FFCRA Coverage:

  • Covered employees who qualify towards the 500-employee threshold under the FFCRA include:
    • All full-time and part-time employees within the United States, including any State of the United States, the District of Columbia, or any Territory or possession of the United States;
    • Employees on leave;
    • Temporary employees who are jointly employed by the employer and another employer (regardless of which employer maintains the employee’s payroll); and
    • Day laborers supplied by a temporary agency (regardless of whether the employer is the temporary agency itself or the client firm of the temporary agency, as long as there is a continuing employment relationship).
  • For purposes of calculating the 500-employee threshold:
    • The number of employees is determined on the date the employee takes leave.
    • A corporation (including its separate establishments or divisions) is a single employer and its employees must each be counted towards the 500-employee threshold.
    • If two entities are found to be joint employers under the FLSA, all of their common employees must be counted in determining whether paid sick leave must be provided under the Emergency Paid Sick Leave Act and expanded family and medical leave must be provided under the Emergency FML Expansion Act.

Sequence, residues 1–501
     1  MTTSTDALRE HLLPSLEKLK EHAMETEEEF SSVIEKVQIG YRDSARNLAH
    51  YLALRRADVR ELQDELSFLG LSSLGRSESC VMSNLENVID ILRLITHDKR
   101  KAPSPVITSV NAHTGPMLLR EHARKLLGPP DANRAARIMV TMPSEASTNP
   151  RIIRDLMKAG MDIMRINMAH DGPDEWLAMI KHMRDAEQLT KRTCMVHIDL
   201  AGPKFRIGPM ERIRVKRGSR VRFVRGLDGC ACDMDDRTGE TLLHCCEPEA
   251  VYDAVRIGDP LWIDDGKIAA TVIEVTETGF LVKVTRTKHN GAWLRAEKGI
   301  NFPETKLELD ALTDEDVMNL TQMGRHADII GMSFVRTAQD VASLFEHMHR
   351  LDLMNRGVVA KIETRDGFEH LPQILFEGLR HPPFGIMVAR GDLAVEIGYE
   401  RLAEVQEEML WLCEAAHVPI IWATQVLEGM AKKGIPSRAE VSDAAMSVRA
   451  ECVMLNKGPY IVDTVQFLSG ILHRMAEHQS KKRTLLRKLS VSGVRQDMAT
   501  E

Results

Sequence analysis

• For purposes of the Emergency FML Expansion Act, if two entities are an integrated employer under the FMLA, then employees of all entities making up the integrated employer will be counted in determining employer coverage for purposes of expanded family and medical leave.
    • Independent contractors are not covered for purposes of the 500-employee threshold.
  • Small businesses with fewer than 50 employees will be required to document why they meet certain criteria set forth by the DOL to qualify for an exemption to the FFCRA, which will be established by the DOL in a forthcoming regulation. We will update you when this regulation is published.